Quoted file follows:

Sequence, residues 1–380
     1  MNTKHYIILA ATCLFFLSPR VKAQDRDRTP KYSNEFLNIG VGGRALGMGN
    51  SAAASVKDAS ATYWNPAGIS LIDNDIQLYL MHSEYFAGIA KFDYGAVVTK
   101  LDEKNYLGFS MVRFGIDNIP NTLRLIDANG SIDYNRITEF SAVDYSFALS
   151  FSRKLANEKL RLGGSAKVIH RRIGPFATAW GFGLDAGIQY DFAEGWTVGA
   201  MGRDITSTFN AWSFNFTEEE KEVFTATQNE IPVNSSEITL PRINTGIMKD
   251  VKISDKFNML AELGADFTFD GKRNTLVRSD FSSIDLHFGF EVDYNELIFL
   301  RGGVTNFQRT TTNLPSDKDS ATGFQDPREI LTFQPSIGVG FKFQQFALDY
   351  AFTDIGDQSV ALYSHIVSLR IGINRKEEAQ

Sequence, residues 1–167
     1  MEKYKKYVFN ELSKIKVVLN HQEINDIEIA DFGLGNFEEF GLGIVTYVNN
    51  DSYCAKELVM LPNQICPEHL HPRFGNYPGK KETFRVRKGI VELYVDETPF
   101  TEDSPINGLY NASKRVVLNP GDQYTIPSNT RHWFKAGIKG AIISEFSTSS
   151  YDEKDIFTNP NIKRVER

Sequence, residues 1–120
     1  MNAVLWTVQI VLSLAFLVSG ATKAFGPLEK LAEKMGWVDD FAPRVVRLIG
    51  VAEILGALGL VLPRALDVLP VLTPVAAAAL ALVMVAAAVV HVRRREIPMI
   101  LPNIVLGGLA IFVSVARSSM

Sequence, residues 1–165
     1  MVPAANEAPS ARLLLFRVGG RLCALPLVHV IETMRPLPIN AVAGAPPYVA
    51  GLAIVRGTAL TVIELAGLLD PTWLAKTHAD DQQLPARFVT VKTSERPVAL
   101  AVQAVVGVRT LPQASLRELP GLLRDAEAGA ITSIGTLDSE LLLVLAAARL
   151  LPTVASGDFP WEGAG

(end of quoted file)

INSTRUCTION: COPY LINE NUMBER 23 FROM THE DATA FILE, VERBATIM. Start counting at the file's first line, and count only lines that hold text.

   151  LPTVASGDFP WEGAG